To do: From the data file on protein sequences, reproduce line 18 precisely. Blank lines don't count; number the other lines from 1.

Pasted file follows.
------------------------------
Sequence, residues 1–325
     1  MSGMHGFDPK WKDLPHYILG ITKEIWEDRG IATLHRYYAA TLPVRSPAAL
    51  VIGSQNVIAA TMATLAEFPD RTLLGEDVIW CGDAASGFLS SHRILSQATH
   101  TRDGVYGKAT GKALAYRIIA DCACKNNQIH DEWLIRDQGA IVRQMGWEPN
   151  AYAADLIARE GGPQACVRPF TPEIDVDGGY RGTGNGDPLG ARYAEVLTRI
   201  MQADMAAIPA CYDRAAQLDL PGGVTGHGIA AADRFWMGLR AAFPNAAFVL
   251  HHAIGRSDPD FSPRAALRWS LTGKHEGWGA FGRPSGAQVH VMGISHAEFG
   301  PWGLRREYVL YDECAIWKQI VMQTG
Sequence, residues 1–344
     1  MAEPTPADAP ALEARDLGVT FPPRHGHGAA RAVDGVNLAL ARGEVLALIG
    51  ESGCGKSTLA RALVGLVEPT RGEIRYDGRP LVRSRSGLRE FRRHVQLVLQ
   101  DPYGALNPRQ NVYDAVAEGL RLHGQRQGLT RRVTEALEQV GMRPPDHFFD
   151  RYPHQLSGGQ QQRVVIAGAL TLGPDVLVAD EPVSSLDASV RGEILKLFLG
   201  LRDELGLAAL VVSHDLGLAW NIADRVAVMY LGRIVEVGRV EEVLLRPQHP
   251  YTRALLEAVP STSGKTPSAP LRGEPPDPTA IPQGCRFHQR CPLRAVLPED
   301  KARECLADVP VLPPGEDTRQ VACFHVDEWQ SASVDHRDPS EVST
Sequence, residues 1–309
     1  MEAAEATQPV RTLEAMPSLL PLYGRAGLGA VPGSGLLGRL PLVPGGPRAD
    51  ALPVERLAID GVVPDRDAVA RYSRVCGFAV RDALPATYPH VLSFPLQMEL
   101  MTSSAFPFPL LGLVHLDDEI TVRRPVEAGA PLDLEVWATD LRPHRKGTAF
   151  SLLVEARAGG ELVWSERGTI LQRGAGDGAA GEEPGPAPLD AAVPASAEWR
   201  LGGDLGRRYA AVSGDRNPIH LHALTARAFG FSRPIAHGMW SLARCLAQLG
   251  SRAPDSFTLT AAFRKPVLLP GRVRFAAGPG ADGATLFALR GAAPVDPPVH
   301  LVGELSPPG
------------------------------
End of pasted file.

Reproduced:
     1  MEAAEATQPV RTLEAMPSLL PLYGRAGLGA VPGSGLLGRL PLVPGGPRAD